The NFL draft is really boring.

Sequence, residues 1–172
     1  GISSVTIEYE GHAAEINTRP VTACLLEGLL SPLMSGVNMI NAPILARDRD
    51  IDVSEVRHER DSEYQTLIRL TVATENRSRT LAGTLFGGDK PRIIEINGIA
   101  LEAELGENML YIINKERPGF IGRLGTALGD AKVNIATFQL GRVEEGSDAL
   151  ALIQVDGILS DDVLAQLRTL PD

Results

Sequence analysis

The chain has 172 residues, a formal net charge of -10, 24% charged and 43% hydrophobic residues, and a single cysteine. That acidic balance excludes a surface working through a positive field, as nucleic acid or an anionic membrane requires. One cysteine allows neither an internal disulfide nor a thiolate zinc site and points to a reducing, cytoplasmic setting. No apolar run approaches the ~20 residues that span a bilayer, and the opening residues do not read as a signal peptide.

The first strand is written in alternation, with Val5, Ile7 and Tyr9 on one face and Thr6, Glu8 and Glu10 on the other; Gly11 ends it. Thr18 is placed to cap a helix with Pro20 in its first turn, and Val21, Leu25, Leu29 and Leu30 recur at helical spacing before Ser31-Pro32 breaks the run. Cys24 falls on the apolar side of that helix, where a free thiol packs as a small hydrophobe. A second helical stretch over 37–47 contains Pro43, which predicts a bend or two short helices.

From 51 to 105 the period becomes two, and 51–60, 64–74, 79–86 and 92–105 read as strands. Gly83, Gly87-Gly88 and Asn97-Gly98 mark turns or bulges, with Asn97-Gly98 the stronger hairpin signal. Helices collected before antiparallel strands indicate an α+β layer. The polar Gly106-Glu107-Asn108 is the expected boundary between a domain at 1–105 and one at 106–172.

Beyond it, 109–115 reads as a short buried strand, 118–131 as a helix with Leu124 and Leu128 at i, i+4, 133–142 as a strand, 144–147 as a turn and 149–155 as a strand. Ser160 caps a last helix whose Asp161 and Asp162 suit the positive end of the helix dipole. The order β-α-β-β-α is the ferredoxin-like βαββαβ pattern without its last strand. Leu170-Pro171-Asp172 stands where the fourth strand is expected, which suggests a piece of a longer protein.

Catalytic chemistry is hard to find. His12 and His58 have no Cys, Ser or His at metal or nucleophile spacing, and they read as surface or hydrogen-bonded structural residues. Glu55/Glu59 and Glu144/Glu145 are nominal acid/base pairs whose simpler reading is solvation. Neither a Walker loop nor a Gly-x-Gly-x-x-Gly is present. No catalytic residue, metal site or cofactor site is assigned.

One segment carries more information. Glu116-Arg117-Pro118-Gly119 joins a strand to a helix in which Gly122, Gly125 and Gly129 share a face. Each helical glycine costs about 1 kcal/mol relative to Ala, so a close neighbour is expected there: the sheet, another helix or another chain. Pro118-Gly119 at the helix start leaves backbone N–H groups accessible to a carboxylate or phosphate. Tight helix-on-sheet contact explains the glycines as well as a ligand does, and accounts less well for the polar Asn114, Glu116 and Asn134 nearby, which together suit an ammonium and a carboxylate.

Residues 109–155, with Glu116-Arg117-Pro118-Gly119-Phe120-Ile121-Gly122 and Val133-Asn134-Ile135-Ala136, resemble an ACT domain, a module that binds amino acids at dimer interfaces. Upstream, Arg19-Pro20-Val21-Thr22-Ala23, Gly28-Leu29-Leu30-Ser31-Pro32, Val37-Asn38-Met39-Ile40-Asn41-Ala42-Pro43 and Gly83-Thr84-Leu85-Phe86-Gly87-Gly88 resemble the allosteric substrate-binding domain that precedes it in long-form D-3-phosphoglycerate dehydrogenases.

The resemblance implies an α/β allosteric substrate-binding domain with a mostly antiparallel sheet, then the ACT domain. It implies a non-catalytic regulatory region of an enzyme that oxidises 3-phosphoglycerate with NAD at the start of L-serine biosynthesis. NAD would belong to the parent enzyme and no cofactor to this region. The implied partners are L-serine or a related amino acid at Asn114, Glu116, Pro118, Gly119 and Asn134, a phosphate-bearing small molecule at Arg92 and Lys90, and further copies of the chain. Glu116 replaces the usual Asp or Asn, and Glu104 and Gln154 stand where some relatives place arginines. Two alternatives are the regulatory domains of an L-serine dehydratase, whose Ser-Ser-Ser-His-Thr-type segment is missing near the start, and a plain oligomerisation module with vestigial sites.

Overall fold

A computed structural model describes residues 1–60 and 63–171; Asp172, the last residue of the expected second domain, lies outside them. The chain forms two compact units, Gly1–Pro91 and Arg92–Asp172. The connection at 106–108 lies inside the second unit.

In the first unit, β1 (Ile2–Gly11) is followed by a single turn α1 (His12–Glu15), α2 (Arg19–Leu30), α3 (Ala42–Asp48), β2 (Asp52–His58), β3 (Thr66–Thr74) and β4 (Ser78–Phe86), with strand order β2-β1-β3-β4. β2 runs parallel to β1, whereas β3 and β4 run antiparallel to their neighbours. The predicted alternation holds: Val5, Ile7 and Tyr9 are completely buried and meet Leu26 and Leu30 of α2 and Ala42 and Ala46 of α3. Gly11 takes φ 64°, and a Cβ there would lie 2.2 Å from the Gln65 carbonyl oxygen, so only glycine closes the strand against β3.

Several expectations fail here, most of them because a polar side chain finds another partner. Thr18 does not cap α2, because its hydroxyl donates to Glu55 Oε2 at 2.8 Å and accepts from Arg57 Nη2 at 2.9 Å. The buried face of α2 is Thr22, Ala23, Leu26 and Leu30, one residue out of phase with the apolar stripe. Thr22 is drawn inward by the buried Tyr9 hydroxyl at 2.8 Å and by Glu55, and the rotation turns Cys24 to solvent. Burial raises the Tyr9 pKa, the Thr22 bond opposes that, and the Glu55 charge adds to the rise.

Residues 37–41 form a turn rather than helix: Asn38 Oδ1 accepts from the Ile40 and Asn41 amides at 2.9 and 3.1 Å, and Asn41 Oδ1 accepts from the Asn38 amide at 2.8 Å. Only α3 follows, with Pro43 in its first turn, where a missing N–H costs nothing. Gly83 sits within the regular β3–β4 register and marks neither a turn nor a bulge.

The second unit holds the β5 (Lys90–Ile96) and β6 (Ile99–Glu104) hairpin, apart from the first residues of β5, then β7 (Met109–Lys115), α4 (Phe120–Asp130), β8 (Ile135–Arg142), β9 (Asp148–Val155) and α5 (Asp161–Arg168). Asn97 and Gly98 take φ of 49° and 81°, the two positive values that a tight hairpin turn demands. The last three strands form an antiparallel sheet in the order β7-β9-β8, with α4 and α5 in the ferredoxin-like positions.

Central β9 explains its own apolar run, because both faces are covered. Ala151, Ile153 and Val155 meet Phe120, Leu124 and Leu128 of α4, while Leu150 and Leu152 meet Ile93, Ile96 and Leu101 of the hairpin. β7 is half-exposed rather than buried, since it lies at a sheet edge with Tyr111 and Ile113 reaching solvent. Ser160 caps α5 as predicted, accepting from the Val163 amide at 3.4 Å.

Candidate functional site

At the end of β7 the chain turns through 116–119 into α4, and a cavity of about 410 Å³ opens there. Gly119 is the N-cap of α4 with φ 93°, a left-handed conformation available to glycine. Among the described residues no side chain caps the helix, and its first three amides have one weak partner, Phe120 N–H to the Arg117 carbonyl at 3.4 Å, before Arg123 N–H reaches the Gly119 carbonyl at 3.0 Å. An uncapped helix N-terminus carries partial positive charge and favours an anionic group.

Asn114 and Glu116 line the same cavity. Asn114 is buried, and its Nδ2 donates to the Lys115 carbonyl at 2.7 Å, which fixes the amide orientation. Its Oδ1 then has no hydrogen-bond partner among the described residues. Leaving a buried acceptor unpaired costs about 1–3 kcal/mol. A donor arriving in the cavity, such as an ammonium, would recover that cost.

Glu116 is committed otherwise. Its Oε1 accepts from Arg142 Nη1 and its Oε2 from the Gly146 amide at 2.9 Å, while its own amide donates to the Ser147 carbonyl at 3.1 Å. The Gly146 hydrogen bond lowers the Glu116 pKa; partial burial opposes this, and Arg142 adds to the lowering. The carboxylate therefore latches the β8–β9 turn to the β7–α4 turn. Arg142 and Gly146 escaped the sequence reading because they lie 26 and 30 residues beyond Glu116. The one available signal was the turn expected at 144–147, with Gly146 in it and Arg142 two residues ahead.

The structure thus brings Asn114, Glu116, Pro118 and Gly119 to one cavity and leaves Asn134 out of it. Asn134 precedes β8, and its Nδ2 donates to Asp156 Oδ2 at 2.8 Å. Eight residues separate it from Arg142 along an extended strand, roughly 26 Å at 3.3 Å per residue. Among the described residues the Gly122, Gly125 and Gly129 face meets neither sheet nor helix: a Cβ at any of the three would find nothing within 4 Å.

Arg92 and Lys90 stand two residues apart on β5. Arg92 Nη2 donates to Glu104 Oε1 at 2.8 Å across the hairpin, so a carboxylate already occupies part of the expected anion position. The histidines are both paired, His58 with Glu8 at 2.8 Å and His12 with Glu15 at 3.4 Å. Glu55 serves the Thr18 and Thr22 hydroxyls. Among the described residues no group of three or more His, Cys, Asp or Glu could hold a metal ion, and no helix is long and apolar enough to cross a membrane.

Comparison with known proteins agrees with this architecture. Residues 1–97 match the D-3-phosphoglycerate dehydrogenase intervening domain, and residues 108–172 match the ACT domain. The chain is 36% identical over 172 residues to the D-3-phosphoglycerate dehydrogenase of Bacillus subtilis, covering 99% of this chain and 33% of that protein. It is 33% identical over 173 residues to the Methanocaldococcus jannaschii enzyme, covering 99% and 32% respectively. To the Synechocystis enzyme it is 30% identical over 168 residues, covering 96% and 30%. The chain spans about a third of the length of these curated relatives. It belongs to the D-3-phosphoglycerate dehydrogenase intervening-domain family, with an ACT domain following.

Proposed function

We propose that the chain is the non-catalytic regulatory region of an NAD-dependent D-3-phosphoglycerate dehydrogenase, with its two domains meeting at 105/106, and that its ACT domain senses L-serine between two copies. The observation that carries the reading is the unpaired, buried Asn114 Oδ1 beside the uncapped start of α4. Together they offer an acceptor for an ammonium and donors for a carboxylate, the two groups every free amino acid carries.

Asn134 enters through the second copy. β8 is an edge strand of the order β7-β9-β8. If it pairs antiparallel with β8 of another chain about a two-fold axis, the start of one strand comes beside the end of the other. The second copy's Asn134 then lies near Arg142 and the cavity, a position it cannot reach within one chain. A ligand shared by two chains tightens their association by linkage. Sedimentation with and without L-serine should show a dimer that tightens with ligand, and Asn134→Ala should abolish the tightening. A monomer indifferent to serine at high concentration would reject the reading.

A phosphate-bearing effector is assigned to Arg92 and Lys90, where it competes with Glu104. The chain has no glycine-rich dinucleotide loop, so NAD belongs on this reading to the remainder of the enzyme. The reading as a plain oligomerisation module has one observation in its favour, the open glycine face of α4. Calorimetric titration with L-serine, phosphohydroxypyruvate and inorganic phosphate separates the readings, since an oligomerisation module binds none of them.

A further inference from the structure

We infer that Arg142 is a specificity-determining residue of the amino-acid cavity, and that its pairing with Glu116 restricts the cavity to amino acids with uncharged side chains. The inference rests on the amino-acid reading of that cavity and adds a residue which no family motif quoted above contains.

I say this as someone who has sat through this event on more than one occasion. As it was pitched to me, it sounded like it might be somewhat interesting – the NFL teams strategically pick new players for their team, trying to get the best players before they get scooped up by other teams, but not overpaying for players that they don’t need or that they could get in later rounds. As someone who enjoys football, I imagined that this would be exciting, but in practice it was just a lot of sitting around waiting for teams to make their selection of people that I didn’t really know much about since I’m not a huge college football fan. Even when I had done some background research, it’s still a pretty anticlimactic process since you have to wait several months to see if these picks pan out. I’m sure hardcore fans find this riveting, but for me it was like watching paint dry. So I did what every self-respecting person does when they are doing something that they find excruciatingly boring to make someone else happy – I drank and made ridiculous wagers to liven up to proceedings. After a few adult beverages, I didn’t find Mel Kiper or the draft any more exciting that I had previously, but I also didn’t really care that I was bored out of my mind. Occasionally something exciting happens – Brady Quinn took so long to be drafted that I had to be woken up to see it happen – but mostly it’s just a lot of taking heads and watching clocks tick down.